Rusty Ninja

Rusty’s Ninja 250


Starting from an early age, I remember my dad riding his new motorcycle home from the dealership 45 minutes away in the dead of winter. My mom and I drove separate and we had to stop multiple times on the way home because his hands were so frozen he couldn’t keep going. My love for bikes was hooked with that Honda Shadow right then and there. My dad would pick me up from school and let me sit on the gas tank and steer the bike from time to time when I was in elementary school. Of course that’s when problems also happened – the first time I could lift the bike off the kickstand on my own, I dropped it and had to own up to that mistake, one of many life lessons I’ve gotten from motorcycles.

When I was 14 or 15, I got my first motorcycle. Indiana’s unique law with motorcycle permits said that if you took a safety class and passed the written test you could ride as much as you wanted with only 3 rules: can’t ride at night, can’t have a passenger, and had to wear a helmet. Well shoot, that is the best way to ride anyways. So I was off with a 2004 Ninja 250. Which didn’t last long. A few months later we found a deal on a 650 v-twin sport bike in Wisconsin, and that led to one of the most memorable riding experiences I have ever had. We chose to ride our motorcycles to go take a look at my potential new bike and trade in my 250. 2.5 hours each direction in November is quite the long cold ride. And it got quite terrifying when on the way home it started snowing. That was the longest ride home I’ve ever had, and I still wish it never ended cause I was riding my new bike.

Rusty Hyosung
Rusty’s Hyosung 650


Fast forward to more recent years, I began working at Harley Davidson as a technician, and quickly fell in love with the bikes. I modified multiple Harleys and began getting sponsored for stunt riding Harley Davidsons. This was a great hobby, but with how many problems came from finding safe spots to practice, my interest began dwindling.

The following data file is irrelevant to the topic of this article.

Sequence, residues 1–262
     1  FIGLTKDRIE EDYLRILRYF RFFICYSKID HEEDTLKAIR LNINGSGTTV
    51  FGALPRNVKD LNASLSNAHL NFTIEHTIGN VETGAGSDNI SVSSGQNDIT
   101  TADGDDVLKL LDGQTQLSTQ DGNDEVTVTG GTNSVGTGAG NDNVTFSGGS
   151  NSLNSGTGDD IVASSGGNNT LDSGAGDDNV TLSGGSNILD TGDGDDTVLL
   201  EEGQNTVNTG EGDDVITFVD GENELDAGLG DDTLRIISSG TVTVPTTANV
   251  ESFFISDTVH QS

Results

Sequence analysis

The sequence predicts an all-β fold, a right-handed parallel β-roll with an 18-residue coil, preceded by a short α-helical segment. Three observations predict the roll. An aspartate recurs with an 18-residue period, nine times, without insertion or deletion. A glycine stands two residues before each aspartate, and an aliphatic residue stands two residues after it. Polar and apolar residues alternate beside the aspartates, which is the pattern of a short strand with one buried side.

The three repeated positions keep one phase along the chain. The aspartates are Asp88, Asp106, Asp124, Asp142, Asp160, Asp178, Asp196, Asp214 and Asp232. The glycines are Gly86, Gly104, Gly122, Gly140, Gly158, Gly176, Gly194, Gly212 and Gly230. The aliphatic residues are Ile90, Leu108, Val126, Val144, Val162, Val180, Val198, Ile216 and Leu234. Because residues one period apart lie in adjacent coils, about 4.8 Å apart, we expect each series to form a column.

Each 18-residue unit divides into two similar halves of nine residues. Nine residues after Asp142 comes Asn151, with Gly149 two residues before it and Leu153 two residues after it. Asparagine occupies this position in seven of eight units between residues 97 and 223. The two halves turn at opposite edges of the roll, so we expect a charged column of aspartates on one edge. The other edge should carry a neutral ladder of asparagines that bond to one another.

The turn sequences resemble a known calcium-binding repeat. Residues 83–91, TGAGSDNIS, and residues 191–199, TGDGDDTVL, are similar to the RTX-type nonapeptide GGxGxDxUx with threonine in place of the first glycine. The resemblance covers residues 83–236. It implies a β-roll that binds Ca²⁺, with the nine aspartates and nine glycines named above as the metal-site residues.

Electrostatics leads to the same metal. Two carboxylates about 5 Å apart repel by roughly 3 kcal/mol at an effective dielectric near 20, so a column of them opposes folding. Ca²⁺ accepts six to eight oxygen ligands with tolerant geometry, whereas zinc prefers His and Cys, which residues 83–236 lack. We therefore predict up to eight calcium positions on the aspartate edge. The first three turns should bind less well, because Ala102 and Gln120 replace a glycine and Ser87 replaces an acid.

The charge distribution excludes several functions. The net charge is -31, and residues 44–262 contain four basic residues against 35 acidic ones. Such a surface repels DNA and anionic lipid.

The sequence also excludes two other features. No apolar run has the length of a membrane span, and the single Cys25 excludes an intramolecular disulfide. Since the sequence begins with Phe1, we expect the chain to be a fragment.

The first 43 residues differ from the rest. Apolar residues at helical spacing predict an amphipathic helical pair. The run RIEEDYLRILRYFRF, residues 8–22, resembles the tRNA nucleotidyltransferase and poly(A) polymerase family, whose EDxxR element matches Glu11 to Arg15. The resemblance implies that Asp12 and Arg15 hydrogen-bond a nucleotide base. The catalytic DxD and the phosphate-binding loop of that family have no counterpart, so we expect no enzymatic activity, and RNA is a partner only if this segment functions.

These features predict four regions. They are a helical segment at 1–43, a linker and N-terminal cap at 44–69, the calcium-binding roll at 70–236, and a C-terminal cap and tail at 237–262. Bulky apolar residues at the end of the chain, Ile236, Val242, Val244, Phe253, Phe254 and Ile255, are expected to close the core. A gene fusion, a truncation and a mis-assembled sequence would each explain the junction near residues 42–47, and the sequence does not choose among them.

Rusty Harley racing
1994 Harley Davidson FXR Stunt Riding/Stunt Shows


Those were fun years, but my riding style changed completely when I began working at GritShift. I never really rode off road before that, other than a few quick rides on friends’ dirt bikes and some years racing BMX. That quickly changed. I went riding one time with Bullet, and it was over with. My Harleys quickly got sold, and so began my Sur Ron journey. It was so much more than I had ever experienced and all I wanted to do was get out to the woods and rip gnarly single track all day. Boy, I was slow, struggling to keep up with the rest of the guys from the shop. My first time at Croom here in Florida I smacked 2 trees and was barely able to walk when we got back. Yet, I enjoyed it so much. I continue to try to ride as much as possible and grow friendships, usually over my failures and wrecks, but still riding full pin as much as I can.

Rusty Harley wheelie


All those years of stunt riding led to breaking a lot of stuff, not to mention having to fabricate my own parts a lot of the time, and if you ride and wreck e-bikes as hard as I do things are going to break on those too. These days I take all those fabrication skills and apply them here at GritShift to come up with new parts and improve on what’s already out there. Things like skid plates, suspension reinforcements, mounting brackets, custom tools, and conversion parts for fitting dirt bike and supermoto parts to an e-bike. These bikes are so exciting and it’s such a new space that there aren’t really any rules yet – nobody says you can’t put supermoto and dirt bike parts on these bikes, so that’s what I’m doing. It encourages me to push my imagination and skills every day. Looks like motorcycles are still teaching me life lessons even today.

Rusty at Red Bull TKO 2022. Photo by Roots Rocks and Mud